|Number three: Regret.
My Dearest Felicity, you cannot
Imagine my feelings when I received
Your letter, however, short, this morning.
I do not know whether to be cast down
Or encouraged by your brief reply.
I take heart, however, in your desire
For me to write again, even if your
Wish for us not to see one another
Casts me down somewhat despondently.
Your remembrance, my dear, of our friendship
In long forgotten summer childhood days,
Shared brightly, intensely, but so briefly,
Like a star falling across western skies,
Tempers my disappointment and regret
That you must leave for England very soon,
So, even if my desperate need for you
Should find a way of softening your heart
We cannot meet until you shall return.
Still, you said that we should write at any rate.
I sit now on my porch, alone, looking
At faded sepia Brownie Box pictures
Taken inexpertly by your mother.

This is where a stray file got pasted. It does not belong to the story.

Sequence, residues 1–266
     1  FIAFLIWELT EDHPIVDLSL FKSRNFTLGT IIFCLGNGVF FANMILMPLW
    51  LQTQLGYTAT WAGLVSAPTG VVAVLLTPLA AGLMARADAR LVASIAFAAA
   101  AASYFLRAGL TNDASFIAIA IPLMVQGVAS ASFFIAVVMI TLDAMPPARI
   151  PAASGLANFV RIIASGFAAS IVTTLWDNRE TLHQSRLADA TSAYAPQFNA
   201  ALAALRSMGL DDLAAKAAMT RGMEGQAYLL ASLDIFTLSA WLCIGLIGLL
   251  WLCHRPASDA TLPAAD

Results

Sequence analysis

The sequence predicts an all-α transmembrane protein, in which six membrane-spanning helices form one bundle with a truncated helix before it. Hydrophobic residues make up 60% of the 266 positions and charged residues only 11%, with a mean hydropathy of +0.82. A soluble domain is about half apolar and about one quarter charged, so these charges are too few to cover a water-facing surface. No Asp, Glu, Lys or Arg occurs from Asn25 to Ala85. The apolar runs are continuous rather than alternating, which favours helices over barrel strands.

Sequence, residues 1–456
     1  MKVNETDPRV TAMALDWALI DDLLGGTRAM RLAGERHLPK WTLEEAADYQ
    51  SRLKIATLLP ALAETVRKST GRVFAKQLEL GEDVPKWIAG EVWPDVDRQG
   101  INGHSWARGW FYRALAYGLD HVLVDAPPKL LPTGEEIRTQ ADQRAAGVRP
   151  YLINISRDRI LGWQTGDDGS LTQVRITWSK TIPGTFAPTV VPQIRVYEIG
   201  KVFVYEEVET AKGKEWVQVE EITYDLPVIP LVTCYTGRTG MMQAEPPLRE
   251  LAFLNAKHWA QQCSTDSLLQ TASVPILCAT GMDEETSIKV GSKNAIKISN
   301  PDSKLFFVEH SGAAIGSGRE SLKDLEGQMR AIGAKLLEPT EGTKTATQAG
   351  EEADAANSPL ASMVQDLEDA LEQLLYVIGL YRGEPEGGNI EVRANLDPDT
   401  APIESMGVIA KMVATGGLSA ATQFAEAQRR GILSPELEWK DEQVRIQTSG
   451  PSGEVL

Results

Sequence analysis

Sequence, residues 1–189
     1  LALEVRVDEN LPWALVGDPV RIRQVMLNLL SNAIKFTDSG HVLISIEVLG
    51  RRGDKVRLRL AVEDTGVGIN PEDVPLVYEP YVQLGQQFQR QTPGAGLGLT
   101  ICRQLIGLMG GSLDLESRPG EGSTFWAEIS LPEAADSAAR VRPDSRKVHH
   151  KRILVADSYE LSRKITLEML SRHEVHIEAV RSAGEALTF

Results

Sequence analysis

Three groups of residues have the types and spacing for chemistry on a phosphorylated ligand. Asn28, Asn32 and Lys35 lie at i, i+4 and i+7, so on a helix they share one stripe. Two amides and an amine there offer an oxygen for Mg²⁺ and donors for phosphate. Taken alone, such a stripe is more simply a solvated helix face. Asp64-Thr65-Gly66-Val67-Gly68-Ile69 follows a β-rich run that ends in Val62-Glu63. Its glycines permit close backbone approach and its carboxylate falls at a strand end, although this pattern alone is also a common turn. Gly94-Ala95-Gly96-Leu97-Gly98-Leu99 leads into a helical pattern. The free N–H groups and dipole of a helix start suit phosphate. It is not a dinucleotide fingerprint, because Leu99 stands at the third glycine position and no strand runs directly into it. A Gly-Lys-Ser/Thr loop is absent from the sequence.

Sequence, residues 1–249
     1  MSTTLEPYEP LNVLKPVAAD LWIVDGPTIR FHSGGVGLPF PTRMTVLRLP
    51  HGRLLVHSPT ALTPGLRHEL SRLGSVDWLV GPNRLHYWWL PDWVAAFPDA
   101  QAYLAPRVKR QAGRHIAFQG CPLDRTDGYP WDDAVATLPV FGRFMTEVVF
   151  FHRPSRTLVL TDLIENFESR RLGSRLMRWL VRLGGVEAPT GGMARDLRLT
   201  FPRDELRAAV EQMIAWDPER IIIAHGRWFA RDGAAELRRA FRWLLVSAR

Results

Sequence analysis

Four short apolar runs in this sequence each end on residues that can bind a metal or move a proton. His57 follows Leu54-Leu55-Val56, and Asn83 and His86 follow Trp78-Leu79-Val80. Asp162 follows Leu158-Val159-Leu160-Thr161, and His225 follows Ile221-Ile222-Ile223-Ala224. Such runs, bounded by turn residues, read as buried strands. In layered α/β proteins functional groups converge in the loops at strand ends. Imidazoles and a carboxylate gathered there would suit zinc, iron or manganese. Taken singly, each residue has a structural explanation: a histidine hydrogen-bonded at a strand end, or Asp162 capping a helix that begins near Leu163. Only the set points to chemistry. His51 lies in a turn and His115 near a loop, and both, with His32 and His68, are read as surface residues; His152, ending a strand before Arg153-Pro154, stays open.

You and me hand in hand upon a beach,
And simple, fragmented memories curl
Like smoke from my forbidden cigarette.
Enough of this sentimentalising,
My dear, for I must recognise indeed
That the past will always be a foreign
Country where we did things differently.
Thank you for the short poem you sent to me.
Clever images of whispering silk,
Liquid satin, draw me inside the page,
Tightly into your silken web of words.
I must close now and hope that you will write
From England. With much love always, Bobby.
|Number four: Ashen
you remembered the beach,
the shifting sand, and shapes
piling up in dunes of time.
How long ago it was, and
how many women I imagine
there have been for you since.
Was it love -- or merely
our curiosity that fell across the sky?
Our bodies lithe, involuntary, visceral
as we gulped our first taste of passion.
So many feelings, at once
entreating and forbidden.
But now we have aged; jaded, we play our roles:
you, suave and cool, I aloof, youth elusive
as the gray tendrils from your cigarette,
desire ashen from misbegotten romance,
heavier than my blue velvet gown.
Are you grasping for me
or the faded sepia longing
of a time of innocence,
an act of deception
as we face our mortality?
Letters, Volume 3